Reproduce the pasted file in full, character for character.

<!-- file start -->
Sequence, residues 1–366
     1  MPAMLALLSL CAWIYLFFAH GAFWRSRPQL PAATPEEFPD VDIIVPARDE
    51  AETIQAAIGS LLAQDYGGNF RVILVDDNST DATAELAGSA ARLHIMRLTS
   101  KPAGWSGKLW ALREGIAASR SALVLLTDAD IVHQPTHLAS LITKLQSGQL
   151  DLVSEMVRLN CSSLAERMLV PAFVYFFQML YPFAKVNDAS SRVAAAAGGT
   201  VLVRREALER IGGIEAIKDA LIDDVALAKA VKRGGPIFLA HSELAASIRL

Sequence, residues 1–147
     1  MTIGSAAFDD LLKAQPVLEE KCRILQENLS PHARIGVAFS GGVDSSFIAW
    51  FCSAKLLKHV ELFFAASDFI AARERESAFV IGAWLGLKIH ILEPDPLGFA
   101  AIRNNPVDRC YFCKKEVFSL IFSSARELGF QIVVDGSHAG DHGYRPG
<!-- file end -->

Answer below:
Sequence, residues 1–366
     1  MPAMLALLSL CAWIYLFFAH GAFWRSRPQL PAATPEEFPD VDIIVPARDE
    51  AETIQAAIGS LLAQDYGGNF RVILVDDNST DATAELAGSA ARLHIMRLTS
   101  KPAGWSGKLW ALREGIAASR SALVLLTDAD IVHQPTHLAS LITKLQSGQL
   151  DLVSEMVRLN CSSLAERMLV PAFVYFFQML YPFAKVNDAS SRVAAAAGGT
   201  VLVRREALER IGGIEAIKDA LIDDVALAKA VKRGGPIFLA HSELAASIRL

Sequence, residues 1–147
     1  MTIGSAAFDD LLKAQPVLEE KCRILQENLS PHARIGVAFS GGVDSSFIAW
    51  FCSAKLLKHV ELFFAASDFI AARERESAFV IGAWLGLKIH ILEPDPLGFA
   101  AIRNNPVDRC YFCKKEVFSL IFSSARELGF QIVVDGSHAG DHGYRPG